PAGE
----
So what do I worry about? My concern is with apps, specifically on the desktop. I've cheered on a number of proprietary Linux apps: CompuPic, WordPerfect, CorelDraw, Opera, almost everything by Loki Games, PMFax, and others. The problem is that none of them seems to make money. The reason that there aren't more companies making desktop apps is simple: they all want to make money, but if that seemingly isn't possible, why bother? For all of you readers who equate proprietary applications with evil, I'm sorry. I disagree. More importantly, I believe that it will take a team effort by the odd couple of free software and proprietary software to put Linux over the top.
But guess what. Professional, robust, enterprise ready apps are appearing. They just popped up where I haven't been watching, on the server. HP recently announced the intention to port two of its industrial-strength system management and configuration tools (Process Resource Manager and ServiceControl Manager) to Linux. And Corporate Associates' Linux port of Unicenter TNG won Best in the System Integration Solution Category at the LinuxWorld Conference & Expo.
The reason for such great server apps is obvious. Linux success in the server market continues unabated. Plenty of customers there are used to spending money for software. The money attracts the proprietary folk who build wares to get some of the cash themselves. Meanwhile, desktop Linux users like myself languish in relative obscurity. I need to accept that it took time for the Linux server boom to be followed by this new rush of products for that market.
In spite of what Microsoft wants everyone to believe, and what the Windows tres duh press tells us, a desktop Linux boom is coming. Anti-aliasing for smoother fonts has begun to appear in both the KDE and GNOME projects. Evolution, the better email alternative to Microsoft Outlook, will be released this year. Hardware drivers for popular peripherals are popping up, as are drop-in replacements for Microsoft Office. It's coming together on all fronts. Except the most important one, preloads. Computer OEMs like Compaq and IBM still depend upon Microsoft for their existence. As long as Microsoft can impose the Redmondian death penalty (revoking the license to preload Windows), the OEMs will drag their heels at preloading Linux, which would make it as easy to buy as Windows. But once Linux preloading happens, the floodgates will open.
So my dilemma is simply this: What do I do in the meantime? I'm perfectly fine with living in a community that is part free software, part proprietary. I believe that firms and individuals should have the choice of taking either path. Naturally, if proprietary and free software are available for the same need, the proprietary version will have to prove that it is significantly better. Otherwise I'm keeping my money. I'm sure I'm not alone in that. It's a big reason to be part of this community.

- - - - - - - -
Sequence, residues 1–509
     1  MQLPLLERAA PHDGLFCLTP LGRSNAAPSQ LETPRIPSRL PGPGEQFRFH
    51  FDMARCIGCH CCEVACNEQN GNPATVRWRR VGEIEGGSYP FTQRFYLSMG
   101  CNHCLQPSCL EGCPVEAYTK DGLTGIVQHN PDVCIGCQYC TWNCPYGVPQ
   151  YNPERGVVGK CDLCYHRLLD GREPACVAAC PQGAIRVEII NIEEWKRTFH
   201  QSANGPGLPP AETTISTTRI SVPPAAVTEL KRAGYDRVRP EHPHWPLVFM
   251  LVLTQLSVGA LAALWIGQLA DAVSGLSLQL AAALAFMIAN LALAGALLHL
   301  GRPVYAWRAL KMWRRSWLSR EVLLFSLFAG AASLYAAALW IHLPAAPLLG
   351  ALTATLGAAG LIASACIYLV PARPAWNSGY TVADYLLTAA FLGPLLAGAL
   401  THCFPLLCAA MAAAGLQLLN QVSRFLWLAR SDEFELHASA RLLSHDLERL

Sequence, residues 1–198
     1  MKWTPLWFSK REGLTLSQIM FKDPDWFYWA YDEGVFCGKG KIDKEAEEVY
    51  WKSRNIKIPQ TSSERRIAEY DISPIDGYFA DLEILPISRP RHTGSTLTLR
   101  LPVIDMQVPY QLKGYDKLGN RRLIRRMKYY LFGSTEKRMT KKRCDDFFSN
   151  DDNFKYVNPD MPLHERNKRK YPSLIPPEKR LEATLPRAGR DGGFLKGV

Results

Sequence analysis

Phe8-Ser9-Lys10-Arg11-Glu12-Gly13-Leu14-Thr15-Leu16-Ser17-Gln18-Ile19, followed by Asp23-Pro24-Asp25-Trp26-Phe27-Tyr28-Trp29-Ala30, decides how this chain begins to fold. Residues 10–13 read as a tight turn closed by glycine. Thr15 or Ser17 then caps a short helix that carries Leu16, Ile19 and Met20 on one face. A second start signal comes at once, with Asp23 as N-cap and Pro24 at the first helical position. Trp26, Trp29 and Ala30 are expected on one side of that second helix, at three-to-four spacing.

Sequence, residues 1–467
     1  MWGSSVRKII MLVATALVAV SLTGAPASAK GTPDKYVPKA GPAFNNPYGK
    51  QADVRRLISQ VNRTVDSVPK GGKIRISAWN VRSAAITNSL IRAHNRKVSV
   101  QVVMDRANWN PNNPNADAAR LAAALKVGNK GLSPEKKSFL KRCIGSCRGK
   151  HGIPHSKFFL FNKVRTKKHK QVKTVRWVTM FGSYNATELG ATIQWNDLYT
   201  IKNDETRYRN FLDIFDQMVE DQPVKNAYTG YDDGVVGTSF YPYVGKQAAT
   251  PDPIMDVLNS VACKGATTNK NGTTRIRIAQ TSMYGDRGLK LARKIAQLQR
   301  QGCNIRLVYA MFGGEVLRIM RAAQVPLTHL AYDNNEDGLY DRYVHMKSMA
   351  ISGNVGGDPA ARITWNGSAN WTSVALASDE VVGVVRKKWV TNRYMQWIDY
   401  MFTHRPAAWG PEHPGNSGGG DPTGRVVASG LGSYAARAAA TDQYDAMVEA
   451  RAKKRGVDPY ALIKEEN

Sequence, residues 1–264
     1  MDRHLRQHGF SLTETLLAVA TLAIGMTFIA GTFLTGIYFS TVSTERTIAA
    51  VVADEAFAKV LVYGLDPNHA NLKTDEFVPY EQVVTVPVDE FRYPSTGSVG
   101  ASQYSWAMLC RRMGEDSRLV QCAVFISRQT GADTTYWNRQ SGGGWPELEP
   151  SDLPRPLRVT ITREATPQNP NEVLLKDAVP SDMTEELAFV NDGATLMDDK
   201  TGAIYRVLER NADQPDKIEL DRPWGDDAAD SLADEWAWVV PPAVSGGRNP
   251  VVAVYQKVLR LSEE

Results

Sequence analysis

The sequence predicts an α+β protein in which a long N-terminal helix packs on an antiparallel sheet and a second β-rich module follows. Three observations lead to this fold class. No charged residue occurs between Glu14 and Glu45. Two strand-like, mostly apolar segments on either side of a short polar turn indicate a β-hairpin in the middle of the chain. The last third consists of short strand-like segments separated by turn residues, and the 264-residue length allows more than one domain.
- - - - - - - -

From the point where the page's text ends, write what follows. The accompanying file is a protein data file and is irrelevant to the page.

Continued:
But there is a catch-22: If we as a community always choose to keep our money, there will never be a thriving market for desktop Linux applications. That would mean that Linux will never become more than a niche player on the desktop. So I worry.
What to do? Realistically, there are three doors to choose from. I can simply wait, and perhaps whine while I'm at it. I can get involved with a free software project working on an app that I use or want to use. Or I can find and buy -- actually pay money for -- a commercial Linux app. This past week I've removed myself from the wait-and-whine group and moved to doors two and three.
So I've downloaded a couple of graphical frontends for the GNU Debugger and the latest source code for gPhoto. I'm working at finding a nit or two that I've noticed while using that app. I also ordered and received a proprietary product. It's IceSculptor, a desktop publishing tool from Chilliware. Joshua Drake (see Resources) will review IceSculptor in the near future, and I'll report on my adventures in contributing to the gPhoto project.
Now, my dweebs, let me ask: What are you doing to speed the arrival of Linux on the desktop? Are you buying Linux apps? Are you lending a hand with an open source project? Something else altogether? All of you old IBM mainframers out there are free to wait and post. Everyone else please let me know in the forum, or by mail if you're shy about posting in public places.